Due to the fact that the system is easy to learn and use, Emtech has been able to train their machinists to be programmers. Having several machinists capable of using the system has sped up the manufacturing process and has given the shop maximum flexibility in job scheduling.

Steve Farris, NC programmer, says, "Generating geometry and the shape of tool paths is just a snap in Virtual Gibbs. It's very easy to use and requires a minimal amount of training. In just a few hours someone can understand the basics of what to do in the system, and in a couple of days they can be performing tasks that it used to take an experienced programmer to do."

The ability to debug part programs, visually, at the computer, has resulted in reduced time and waste at the machine, as well as easily optimized part programs. Now, mistakes are usually found in the engineering phase, rather than at the machine. Mr. Farris found that the graphics of their previous system, made it difficult to visualize what was happening to the part. With the rendering built into Virtual Gibbs, he is able to see the pre-machined blank as a solid model on the computer screen, and watch as the part is machined.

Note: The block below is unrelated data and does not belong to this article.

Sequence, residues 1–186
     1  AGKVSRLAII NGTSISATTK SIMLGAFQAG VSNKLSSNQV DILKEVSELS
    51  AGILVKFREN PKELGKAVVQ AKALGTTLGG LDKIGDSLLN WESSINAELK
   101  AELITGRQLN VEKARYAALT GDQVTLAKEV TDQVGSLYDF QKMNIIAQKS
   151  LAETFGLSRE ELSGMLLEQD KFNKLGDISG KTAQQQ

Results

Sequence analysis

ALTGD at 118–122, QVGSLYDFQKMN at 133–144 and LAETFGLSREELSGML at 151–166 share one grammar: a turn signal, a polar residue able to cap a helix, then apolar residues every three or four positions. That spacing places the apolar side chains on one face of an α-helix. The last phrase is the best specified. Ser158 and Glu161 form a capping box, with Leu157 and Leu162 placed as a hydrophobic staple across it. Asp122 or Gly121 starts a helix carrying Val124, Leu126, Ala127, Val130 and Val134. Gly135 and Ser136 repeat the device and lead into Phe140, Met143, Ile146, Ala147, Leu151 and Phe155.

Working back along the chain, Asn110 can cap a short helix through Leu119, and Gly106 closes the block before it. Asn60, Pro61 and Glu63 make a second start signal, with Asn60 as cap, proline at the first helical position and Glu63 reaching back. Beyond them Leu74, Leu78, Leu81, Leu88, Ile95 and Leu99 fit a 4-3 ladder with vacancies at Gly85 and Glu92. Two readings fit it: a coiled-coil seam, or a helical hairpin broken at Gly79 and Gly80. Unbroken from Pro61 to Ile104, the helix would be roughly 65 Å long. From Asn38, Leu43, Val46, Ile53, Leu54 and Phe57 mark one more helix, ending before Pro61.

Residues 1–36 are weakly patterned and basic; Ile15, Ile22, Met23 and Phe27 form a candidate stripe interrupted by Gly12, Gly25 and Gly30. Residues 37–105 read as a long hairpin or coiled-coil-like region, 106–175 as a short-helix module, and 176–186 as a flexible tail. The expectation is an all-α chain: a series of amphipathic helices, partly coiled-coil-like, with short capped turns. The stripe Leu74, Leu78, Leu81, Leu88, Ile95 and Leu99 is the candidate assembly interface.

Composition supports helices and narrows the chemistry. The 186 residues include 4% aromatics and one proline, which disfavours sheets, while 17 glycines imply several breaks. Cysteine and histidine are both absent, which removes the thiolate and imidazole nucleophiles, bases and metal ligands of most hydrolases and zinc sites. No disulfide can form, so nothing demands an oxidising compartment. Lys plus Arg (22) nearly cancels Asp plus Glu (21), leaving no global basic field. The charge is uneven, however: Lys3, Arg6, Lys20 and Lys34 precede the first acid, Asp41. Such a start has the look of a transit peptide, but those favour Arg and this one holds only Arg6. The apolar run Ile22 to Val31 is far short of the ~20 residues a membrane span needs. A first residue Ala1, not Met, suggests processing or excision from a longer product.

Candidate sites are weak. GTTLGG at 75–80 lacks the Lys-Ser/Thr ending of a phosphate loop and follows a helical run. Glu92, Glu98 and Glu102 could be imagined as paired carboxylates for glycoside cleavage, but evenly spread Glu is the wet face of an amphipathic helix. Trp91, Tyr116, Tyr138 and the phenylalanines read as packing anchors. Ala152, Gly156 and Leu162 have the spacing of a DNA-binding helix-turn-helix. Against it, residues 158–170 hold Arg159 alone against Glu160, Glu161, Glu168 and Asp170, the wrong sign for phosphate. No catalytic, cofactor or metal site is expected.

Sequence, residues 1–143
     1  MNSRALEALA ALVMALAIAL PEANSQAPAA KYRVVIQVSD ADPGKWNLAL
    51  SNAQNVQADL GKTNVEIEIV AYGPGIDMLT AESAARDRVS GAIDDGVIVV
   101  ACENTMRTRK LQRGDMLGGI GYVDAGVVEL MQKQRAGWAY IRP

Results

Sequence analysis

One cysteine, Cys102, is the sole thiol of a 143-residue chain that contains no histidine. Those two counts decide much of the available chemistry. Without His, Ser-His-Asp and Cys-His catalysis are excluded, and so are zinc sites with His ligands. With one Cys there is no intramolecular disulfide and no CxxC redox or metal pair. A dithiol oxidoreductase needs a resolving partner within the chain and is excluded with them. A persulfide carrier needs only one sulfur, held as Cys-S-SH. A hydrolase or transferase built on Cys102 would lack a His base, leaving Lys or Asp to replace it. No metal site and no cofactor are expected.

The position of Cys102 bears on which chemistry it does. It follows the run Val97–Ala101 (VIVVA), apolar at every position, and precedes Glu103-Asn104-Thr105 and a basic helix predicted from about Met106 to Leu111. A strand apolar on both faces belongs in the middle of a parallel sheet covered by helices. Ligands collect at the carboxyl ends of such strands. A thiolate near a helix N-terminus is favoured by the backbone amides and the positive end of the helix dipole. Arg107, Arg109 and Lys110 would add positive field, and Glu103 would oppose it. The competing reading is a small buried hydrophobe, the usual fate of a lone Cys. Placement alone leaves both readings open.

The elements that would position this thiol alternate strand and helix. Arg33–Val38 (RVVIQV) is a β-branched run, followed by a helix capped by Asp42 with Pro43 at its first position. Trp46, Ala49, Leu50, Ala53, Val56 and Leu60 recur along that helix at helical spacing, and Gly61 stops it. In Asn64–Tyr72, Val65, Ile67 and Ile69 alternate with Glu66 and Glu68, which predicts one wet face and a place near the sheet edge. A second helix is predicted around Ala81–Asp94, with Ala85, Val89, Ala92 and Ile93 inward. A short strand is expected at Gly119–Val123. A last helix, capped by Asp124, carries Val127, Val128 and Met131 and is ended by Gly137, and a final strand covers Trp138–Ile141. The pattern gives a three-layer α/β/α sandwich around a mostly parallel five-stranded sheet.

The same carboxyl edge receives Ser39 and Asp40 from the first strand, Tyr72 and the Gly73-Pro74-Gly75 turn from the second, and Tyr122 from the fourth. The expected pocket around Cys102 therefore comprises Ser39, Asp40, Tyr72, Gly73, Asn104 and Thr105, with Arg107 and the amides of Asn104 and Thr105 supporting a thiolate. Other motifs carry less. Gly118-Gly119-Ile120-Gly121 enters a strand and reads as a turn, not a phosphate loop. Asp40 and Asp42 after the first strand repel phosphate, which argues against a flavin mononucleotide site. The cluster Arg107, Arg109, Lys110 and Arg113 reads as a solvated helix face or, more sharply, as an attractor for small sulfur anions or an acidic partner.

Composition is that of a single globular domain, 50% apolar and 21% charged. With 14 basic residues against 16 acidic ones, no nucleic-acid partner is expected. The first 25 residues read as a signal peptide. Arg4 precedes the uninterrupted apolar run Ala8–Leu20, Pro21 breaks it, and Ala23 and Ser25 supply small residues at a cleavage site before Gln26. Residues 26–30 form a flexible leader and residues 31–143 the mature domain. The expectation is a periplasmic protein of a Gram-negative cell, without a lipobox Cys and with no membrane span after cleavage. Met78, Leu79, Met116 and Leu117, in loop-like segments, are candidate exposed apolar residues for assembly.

Making changes to part programs, whether it be to fix a mistake, adjust the tooling, or respond to an engineering change, is something with which all programmers are familiar. While Emtech does not encounter many engineering changes during a build cycle, revisions to the part are very common upon reorder. This is where Virtual Gibbs' "modeless" interface really shines. All data (geometry, tooling and tool paths) can be changed in exactly the same manner in which it was originally created. Once the new information is entered, it is simply a matter of pushing a button to "reprocess" the data, and new tool paths are immediately calculated. Steve Farris gives this example to illustrate the point: